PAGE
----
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"nothing special"


Poor Edward 10 | 154  
4 Aug 2008 /  #1
In work the other day I was given a phrase but am not too sure of the spelling of it. In english the phrase is "nothing special" and in polish it translates into nie ciekawego, or is it nie ciekwejo?
polishgirltx  
4 Aug 2008 /  #2
"nothing special"

nic ciekawego
nic specjalnego
Seanus 15 | 19,706  
4 Aug 2008 /  #3
Nic ciekawego means nothing interesting. Nic specialnego may be best for nothing special

OH, go with the above
OP Poor Edward 10 | 154  
4 Aug 2008 /  #4
When I want to pluralise something in Polish I was told to put a "y" at the end. Is this the case? And if so if Im pluralising something for girls is it not supposed to end in "a"?
Seanus 15 | 19,706  
4 Aug 2008 /  #5
Not always with y. For example, jedno piwo, dwa piwa, sześć piw. Where's the y there?

The resident experts will give u more accurate advice.
osiol 55 | 3,922  
4 Aug 2008 /  #6
When I want to pluralise something in Polish I was told to put a "y" at the end. Is this the case?

It depends which case. (Which grammatical case? Maybe I mean gender... and case!)

For a lot of masculine nouns, this is true.
OP Poor Edward 10 | 154  
4 Aug 2008 /  #7
Thanks, one thing that bugs me is theres no direct translation and nearly everyword has a few different meanings but Im learning more and more everyday, although uts a shame I dont get to practice at home cos Ive no polish friends only once a week outside work Ill meet up with someone.
Marek 4 | 867  
5 Aug 2008 /  #8
In English sometimes we respond to the question 'What's up?'/'What's new?' with the stock phrase 'Same old, same old.' In Polish, this would be roughly: 'No, co nowego?' - 'Wszystko po staremu.' = So, what's up? - Nothing new. (lit. "all as in the old way", or something like that!)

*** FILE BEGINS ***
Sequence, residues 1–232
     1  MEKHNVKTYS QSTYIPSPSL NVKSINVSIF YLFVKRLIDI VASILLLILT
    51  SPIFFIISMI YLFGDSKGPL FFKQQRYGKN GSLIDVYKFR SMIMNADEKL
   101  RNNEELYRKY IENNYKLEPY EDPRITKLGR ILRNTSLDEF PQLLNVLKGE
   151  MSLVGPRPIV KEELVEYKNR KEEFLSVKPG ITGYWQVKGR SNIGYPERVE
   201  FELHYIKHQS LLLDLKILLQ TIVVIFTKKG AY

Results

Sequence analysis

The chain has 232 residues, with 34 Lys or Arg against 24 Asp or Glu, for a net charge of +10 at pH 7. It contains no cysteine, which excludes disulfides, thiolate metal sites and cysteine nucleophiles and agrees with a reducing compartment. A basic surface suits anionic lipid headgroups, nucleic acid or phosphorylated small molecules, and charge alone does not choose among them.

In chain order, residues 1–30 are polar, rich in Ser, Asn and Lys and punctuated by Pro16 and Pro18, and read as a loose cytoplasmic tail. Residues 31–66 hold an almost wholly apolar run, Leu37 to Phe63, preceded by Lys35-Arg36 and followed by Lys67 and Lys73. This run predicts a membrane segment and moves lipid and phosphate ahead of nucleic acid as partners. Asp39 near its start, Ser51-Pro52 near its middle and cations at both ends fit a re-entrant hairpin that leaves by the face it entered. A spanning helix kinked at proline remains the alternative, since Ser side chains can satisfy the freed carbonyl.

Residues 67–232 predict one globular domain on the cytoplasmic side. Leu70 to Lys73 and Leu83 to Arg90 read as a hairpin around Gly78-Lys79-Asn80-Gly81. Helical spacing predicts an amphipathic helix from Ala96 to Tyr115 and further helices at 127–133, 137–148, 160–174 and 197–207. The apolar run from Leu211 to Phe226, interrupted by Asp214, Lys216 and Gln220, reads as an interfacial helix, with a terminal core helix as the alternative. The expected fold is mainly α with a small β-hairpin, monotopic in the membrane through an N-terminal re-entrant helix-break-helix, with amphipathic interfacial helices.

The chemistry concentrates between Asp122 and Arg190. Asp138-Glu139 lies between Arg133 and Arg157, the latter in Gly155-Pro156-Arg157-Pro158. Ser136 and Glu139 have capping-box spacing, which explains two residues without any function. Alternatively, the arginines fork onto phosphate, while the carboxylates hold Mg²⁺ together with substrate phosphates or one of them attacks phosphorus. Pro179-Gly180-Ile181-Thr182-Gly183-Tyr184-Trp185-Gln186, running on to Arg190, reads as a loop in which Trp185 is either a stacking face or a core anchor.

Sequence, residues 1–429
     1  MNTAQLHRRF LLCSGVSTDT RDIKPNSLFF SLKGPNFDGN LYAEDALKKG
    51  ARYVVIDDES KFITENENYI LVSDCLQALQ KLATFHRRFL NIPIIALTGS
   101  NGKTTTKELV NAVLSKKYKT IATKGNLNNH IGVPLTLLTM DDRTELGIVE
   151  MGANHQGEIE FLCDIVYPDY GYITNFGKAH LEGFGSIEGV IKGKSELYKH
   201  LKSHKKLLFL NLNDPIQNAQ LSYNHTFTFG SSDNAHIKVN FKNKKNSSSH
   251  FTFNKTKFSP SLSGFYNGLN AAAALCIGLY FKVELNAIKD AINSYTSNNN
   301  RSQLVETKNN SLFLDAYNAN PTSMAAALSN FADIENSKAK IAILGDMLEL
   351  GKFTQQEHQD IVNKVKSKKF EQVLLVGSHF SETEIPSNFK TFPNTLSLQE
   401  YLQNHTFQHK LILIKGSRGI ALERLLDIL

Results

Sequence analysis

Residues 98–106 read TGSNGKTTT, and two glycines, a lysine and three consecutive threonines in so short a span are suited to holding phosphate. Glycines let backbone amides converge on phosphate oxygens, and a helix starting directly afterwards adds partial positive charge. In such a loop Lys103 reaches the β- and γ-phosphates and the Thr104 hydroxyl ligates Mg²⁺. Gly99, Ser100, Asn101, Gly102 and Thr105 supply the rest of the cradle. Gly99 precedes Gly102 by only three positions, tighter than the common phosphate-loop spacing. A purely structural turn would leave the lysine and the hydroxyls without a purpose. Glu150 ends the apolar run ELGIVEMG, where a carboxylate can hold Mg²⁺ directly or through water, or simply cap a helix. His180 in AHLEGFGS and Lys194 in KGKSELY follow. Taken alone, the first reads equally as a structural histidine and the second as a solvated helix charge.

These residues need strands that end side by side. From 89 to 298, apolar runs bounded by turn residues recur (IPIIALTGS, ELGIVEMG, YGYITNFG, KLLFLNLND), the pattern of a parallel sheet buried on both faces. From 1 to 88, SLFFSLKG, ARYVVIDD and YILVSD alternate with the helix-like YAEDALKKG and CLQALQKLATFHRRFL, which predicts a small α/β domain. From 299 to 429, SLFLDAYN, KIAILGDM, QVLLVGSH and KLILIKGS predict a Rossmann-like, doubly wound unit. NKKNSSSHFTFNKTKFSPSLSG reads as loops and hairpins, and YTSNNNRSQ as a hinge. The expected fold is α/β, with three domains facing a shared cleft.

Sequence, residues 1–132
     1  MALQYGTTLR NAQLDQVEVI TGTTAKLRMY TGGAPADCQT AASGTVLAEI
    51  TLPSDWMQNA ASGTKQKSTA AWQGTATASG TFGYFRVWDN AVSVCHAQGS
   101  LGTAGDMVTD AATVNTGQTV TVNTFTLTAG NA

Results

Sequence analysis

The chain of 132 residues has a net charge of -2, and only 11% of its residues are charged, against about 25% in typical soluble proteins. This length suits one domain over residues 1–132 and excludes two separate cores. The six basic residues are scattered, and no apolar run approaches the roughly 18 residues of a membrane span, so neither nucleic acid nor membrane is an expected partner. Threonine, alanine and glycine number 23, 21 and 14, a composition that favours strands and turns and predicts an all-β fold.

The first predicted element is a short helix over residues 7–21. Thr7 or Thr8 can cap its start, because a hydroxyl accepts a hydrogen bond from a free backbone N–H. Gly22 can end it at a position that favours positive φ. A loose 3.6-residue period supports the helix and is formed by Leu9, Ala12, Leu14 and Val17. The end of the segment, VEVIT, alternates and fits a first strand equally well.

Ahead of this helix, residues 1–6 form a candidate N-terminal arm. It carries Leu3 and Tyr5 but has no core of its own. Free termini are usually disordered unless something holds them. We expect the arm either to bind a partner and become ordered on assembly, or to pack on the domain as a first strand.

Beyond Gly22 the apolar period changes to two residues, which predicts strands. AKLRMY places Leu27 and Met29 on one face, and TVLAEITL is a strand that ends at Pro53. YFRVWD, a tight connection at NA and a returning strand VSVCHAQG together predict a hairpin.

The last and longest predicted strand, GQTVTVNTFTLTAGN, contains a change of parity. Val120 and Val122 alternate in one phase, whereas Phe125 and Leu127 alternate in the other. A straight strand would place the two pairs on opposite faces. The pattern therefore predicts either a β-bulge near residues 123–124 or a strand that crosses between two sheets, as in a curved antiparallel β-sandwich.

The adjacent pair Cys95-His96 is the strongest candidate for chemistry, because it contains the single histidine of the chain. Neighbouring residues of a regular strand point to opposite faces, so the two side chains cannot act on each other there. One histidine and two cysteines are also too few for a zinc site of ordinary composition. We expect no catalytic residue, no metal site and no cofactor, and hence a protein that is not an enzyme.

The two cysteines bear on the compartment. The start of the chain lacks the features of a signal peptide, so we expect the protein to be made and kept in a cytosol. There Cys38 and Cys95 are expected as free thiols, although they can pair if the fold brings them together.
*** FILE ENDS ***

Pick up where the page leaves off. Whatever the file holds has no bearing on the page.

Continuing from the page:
'Nothing special' as a polite answer to such a routine inquiry might also be 'Tak sobie.' Depends, as always, on the context-:)
OP Poor Edward 10 | 154  
5 Aug 2008 /  #9
Thanks Marek, Ill give it a bash in work tomorrow. Heres another question a guy said "witam" to me today when I passed him. But why would he say that if he seen me about five or six times before that? I thought witam meant welcome.
polishgirltx  
5 Aug 2008 /  #10
Heres another question a guy said "witam" to me today when I passed him. But why would he say that if he seen me about five or six times before that? I thought witam meant welcome.

i will have to read again my psychology textbook before answering your question...
Marek 4 | 867  
6 Aug 2008 /  #11
'Witam!' ((s.) Witaj! (pl.) Witajcie in the informal) also means 'hello'. Sometimes Poles will use the super informal 'Hej'! meaning 'Hey!' or 'Hi!', resp. 'Yo!' as used here in the States in the inner cities, often by African-Americans.

Poor Edward!

Say mate, how did it go at work? Did this Polish chap ever speak to you again?
Just curious-:)
OP Poor Edward 10 | 154  
9 Aug 2008 /  #12
Yes I did talk to him and I asked him why he said witam and he said nearly the exact answer you gave me. This is one far out language to learn and I love it when people say things and I get the insentive to learn from them. So come on people lets say informal slang to each other, so us less informed people can play catch up and question you all on the whys and hows.
Marek 4 | 867  
9 Aug 2008 /  #13
Hold that thought and frame that enthusiasm, 'cuz pal, yer shyerrr a gonna need it!!!!

BRING IT ON, DUDERINO!!!

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